Rory and Tiger have dominated the headlines ahead of the season’s first major but for starkly different reasons. The Northern Irishman is seeking to become the sixth player – after Gene Sarazen, Ben Hogan, Gary Player, Jack Nicklaus and Tiger Woods – in the modern era to win all four majors – a ‘career grand slam’. He would be the first European and only the third – after Nicklaus and Woods – to do it before their 26th birthday.
McIlroy is the clear favourite ahead of his seventh trip to Augusta. Of his six previous appearances he has recorded three top-20s (2014, 2011, 2009), missed the cut once (2010) and broken 70 five times (from 22 rounds). Eighth place last year represented his best finish, with his lowest total score (four-under par) coming in 2011. The latter turned out to be one to remember but for all the wrong reasons as McIlroy took a four-shot lead into Sunday, before a spectacular collapse led to a final round 80 as Charl Schwartzel left wearing the green jacket. The 25-year-old has since called that ‘the most important day of my career’ and spoke of feeling ‘comfortable’ at Augusta after practice rounds there last month. He will return in decent form with one win (Dubai Desert Classic) and two other top-10s from his five starts since the turn of the year.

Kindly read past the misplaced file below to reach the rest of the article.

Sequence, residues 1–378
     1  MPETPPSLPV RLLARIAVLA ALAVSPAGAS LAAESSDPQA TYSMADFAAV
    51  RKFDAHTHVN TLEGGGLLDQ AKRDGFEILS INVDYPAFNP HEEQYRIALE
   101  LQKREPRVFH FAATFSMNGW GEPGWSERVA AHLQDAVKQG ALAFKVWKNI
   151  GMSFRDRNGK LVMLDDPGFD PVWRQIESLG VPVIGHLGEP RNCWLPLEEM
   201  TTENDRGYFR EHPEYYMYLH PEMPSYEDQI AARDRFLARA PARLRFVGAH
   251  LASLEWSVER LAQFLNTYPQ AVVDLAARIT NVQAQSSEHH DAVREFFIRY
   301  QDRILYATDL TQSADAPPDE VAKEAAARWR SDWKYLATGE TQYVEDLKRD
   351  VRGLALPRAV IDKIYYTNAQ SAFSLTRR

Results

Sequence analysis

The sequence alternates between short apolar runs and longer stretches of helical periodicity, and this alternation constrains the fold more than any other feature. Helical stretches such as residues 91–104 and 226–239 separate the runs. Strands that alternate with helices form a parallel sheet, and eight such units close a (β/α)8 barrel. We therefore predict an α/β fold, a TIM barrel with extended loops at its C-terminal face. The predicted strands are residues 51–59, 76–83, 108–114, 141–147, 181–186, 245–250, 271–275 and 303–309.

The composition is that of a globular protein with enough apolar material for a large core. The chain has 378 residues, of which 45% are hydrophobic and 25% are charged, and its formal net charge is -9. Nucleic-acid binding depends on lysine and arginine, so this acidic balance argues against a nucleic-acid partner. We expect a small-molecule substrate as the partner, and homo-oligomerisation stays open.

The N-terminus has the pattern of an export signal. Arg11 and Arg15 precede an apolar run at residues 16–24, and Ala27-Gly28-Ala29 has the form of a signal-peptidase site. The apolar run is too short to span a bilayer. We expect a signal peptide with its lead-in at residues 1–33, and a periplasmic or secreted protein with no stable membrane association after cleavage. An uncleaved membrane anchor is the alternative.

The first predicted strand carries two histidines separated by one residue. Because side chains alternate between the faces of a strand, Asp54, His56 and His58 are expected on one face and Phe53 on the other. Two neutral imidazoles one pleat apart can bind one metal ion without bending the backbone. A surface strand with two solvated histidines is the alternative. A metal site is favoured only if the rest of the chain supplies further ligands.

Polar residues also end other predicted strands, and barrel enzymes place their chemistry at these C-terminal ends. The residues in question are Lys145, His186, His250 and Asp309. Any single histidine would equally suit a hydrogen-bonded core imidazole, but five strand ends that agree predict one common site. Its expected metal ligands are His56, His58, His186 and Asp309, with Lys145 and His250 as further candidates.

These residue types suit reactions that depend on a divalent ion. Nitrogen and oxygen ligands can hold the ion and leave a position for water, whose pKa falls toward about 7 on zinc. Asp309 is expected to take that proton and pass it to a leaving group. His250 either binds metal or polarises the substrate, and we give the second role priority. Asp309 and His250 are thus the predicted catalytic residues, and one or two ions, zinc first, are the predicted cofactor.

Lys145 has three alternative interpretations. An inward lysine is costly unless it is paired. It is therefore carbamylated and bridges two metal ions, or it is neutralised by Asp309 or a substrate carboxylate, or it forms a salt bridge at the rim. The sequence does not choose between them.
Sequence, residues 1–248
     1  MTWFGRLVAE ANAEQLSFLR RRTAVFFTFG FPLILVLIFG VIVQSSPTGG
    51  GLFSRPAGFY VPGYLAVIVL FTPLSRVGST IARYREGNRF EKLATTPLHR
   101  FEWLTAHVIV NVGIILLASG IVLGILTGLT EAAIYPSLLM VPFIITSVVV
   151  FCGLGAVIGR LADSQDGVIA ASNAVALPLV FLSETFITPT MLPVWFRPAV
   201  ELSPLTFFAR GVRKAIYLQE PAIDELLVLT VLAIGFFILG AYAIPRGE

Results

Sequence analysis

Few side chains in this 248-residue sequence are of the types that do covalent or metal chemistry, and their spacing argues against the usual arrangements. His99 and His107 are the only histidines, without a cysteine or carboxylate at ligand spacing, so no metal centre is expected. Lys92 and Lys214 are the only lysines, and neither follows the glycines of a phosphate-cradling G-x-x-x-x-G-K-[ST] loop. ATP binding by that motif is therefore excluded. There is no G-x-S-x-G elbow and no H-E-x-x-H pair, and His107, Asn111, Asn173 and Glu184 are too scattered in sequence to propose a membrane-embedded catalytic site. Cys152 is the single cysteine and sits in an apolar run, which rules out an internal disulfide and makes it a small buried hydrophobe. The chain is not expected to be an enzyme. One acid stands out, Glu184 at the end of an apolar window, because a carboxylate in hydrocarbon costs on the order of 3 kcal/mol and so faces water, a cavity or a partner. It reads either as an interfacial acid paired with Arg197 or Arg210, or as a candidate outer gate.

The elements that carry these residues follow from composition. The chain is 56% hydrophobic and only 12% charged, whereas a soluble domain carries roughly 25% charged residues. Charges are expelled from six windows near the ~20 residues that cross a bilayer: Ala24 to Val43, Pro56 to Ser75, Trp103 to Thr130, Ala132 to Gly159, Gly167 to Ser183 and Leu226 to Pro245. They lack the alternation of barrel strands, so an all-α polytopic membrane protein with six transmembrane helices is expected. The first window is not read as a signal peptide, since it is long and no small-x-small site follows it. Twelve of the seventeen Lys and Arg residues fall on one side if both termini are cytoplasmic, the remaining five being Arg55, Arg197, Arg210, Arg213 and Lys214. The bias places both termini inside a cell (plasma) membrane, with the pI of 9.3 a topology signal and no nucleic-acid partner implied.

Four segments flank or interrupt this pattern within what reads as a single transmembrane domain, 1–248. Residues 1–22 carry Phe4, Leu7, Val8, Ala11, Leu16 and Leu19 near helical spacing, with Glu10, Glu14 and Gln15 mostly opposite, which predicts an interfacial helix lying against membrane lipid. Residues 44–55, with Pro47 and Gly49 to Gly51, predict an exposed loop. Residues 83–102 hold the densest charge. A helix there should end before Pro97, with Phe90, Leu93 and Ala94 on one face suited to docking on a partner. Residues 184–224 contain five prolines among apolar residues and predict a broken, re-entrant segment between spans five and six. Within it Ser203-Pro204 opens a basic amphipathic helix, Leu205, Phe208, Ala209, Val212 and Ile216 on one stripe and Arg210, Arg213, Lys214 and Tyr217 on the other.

A then nine-year-old McIlroy penned a letter to Tiger Woods in 1998 warning him: ‘I’m coming to get you’. How right he was. This year marks the 10th anniversary of Woods’ last Masters win and ‘that shot’ at the par three 16th hole. Since then the American’s fall has been as dramatic as McIlroy’s rise with the former’s slide outside of the world’s top 100 for the first time since 1996 making him as big as 50/1 with some bookmakers to claim a 15th major title this week.
Just like McIlroy and Woods, Augusta itself needs little introduction. The former indigo plantation, founded by Bobby Jones and Clifford Roberts, has hosted the Masters since 1934. The 7,435-yard layout boasts spectacular scenery, tall pines and vivid flora but there is plenty of bite behind the beauty. Its undulating fairways, water hazards and fast greens require power, accuracy and touch to be negotiated efficiently.
Taking advantage of the four par fives is key to success with the second, eighth, 13th and 15th holes ranking as the four easiest on the course in the tournament’s history. Avoiding trouble at the start of the back nine is equally important with the par four 10th and the start of the fabled Amen Corner (par four 11th and par three 12th) the three toughest holes.
Bubba Watson claimed his second green jacket last year with a winning total of 280 (eight-under par). He was one of just seven men to break par – Blixt, Spieth, Jimenez, Fowler, Kuchar and Westwood the others.